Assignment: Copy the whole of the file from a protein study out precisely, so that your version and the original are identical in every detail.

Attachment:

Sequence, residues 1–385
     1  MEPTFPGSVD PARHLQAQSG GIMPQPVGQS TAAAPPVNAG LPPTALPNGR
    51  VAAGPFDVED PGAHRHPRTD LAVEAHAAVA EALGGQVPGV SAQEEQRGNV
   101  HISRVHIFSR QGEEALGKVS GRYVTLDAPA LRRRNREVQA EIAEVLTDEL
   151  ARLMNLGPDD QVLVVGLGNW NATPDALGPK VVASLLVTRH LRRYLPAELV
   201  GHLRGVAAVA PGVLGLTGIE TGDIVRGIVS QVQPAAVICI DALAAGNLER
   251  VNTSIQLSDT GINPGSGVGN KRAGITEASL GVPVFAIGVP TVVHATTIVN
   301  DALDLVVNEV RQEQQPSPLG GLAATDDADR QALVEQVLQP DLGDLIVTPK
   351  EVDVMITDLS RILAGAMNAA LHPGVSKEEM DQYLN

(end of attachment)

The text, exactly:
Sequence, residues 1–385
     1  MEPTFPGSVD PARHLQAQSG GIMPQPVGQS TAAAPPVNAG LPPTALPNGR
    51  VAAGPFDVED PGAHRHPRTD LAVEAHAAVA EALGGQVPGV SAQEEQRGNV
   101  HISRVHIFSR QGEEALGKVS GRYVTLDAPA LRRRNREVQA EIAEVLTDEL
   151  ARLMNLGPDD QVLVVGLGNW NATPDALGPK VVASLLVTRH LRRYLPAELV
   201  GHLRGVAAVA PGVLGLTGIE TGDIVRGIVS QVQPAAVICI DALAAGNLER
   251  VNTSIQLSDT GINPGSGVGN KRAGITEASL GVPVFAIGVP TVVHATTIVN
   301  DALDLVVNEV RQEQQPSPLG GLAATDDADR QALVEQVLQP DLGDLIVTPK
   351  EVDVMITDLS RILAGAMNAA LHPGVSKEEM DQYLN